In his opening statement today, Deputy White House counsel Mike Purpura aimed to make the case that President Trump did not engage in a quid pro quo because the Ukrainians got what they wanted without ever announcing an investigation into the 2016 election or the Bidens.
Purpura argued "a presidential meeting took place on September 25 without the Ukrainian government announcing any investigations."
Facts First: This is misleading. While an announcement of investigations never took place, it was planned and discussed between representatives of both the US and Ukraine. The plan was only halted after the withheld aid was released.
In November, the New York Times reported that Ukrainian President Zelensky had planned to announce an investigation into Trump’s political rivals during a September interview on CNN. The Ukrainians cancelled the interview and announcement once Trump released the promised security aid on September 12.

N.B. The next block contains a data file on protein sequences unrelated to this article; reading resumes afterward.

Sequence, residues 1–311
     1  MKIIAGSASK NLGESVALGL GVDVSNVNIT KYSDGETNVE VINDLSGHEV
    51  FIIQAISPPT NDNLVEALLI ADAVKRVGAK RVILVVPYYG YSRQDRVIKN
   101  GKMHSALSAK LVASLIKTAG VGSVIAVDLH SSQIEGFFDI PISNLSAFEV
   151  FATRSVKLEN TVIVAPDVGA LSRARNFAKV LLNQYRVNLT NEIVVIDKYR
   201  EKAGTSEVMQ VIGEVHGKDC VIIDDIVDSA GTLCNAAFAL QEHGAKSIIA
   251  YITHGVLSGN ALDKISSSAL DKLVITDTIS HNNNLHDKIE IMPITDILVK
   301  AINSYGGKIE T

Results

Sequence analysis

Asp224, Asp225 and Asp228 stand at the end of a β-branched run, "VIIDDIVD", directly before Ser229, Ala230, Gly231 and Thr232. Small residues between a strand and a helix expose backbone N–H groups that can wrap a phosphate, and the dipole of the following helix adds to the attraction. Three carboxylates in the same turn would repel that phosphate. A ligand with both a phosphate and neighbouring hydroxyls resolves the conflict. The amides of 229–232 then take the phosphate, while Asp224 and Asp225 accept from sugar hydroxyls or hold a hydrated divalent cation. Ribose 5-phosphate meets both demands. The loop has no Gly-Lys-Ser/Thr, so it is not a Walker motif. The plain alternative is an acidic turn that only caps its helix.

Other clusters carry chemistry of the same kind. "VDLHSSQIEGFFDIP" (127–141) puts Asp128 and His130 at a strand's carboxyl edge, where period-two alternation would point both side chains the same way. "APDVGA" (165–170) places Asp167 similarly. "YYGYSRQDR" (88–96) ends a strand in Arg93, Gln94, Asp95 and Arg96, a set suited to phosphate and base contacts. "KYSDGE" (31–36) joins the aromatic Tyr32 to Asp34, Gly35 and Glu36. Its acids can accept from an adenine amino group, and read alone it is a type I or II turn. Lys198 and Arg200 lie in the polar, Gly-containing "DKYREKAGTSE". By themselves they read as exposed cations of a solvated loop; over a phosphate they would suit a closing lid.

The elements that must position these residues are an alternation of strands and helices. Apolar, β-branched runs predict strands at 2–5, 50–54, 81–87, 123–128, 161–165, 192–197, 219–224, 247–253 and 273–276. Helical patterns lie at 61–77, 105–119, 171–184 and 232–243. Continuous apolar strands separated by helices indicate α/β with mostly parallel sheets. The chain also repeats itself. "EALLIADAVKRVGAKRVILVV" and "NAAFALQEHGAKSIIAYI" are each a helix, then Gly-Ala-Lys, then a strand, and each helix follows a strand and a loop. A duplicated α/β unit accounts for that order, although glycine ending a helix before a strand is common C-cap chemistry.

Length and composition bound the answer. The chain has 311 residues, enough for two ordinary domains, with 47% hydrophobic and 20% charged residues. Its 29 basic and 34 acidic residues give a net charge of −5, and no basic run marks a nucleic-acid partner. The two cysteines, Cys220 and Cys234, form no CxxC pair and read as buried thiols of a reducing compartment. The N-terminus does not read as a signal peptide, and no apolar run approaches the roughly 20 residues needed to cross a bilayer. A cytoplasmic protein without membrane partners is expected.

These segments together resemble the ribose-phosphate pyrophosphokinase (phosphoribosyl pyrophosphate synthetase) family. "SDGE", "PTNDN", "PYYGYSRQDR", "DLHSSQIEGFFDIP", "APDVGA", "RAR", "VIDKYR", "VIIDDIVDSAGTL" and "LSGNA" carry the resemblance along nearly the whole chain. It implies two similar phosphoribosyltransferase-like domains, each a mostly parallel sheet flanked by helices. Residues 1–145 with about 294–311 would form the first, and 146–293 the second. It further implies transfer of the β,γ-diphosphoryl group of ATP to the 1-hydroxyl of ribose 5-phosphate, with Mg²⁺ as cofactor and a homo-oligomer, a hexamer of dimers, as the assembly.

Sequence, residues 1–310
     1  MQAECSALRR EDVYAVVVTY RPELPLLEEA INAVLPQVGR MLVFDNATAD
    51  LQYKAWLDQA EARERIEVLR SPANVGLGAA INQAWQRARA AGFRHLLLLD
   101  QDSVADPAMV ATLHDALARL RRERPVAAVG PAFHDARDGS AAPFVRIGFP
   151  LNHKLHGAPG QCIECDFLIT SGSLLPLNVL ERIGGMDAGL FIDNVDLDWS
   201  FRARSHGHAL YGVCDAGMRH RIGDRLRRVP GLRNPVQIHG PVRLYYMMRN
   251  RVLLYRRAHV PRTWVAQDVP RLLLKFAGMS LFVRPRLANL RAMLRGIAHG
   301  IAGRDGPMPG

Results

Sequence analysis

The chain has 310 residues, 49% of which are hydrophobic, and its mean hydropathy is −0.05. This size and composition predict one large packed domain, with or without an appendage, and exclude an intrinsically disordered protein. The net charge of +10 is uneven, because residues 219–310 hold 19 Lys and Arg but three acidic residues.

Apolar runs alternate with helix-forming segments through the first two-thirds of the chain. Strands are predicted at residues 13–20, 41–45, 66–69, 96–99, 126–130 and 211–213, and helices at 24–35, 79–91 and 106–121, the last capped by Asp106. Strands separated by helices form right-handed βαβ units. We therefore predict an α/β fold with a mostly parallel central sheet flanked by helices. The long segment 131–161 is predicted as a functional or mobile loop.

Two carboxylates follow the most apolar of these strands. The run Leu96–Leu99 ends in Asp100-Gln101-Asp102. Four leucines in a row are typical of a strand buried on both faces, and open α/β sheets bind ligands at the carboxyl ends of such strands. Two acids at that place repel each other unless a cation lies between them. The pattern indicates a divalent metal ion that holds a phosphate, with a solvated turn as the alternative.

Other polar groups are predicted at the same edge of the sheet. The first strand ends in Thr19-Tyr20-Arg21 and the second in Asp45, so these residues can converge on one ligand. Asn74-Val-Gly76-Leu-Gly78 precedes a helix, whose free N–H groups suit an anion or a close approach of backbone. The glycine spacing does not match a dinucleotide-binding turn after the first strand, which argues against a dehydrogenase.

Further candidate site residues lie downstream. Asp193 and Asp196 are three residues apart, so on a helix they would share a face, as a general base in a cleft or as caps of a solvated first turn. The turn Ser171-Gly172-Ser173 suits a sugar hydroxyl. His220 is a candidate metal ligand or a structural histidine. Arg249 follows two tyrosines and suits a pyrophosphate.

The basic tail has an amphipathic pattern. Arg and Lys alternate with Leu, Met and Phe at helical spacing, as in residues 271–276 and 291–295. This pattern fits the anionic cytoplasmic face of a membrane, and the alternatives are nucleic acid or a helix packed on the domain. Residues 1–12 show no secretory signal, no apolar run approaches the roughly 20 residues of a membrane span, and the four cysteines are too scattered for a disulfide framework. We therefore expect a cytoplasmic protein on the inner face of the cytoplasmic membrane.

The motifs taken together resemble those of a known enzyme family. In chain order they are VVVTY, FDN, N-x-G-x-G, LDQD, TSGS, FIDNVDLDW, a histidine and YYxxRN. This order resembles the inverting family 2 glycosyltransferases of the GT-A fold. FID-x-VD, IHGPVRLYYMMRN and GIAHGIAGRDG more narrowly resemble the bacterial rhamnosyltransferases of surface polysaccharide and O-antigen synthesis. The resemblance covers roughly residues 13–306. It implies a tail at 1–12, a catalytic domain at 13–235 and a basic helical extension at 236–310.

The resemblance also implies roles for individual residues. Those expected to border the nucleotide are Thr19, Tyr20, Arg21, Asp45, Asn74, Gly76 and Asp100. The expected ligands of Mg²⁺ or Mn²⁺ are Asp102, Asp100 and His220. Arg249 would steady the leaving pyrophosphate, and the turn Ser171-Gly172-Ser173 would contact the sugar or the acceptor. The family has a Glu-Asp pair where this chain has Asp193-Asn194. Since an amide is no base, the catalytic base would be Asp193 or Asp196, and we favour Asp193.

During the July 25 call, Trump also suggested his personal attorney, former New York City mayor Rudy Giuliani, be a point of contact, given that Giuliani had previously lobbied Ukraine to investigate Biden’s call in 2016 to remove the country’s top prosecutor.
More on the call: During the conversation, Zelensky appeared to agree with the President’s request. Zelensky said, “The issue of the investigation of the case is actually the issue of making sure to restore the honesty so we will take care of that and will work on the investigation of the case.”
The July 25 call was also not the first the Ukrainians had picked up on Trump's desire for investigations.
Two weeks after Zelensky and Trump spoke for the first time in April, Zelensky and his team discussed the pressure they were already feeling from the Trump administration and Giuliani to publicly launch investigations that would benefit the US leader, according to a source familiar with discussions at the meeting.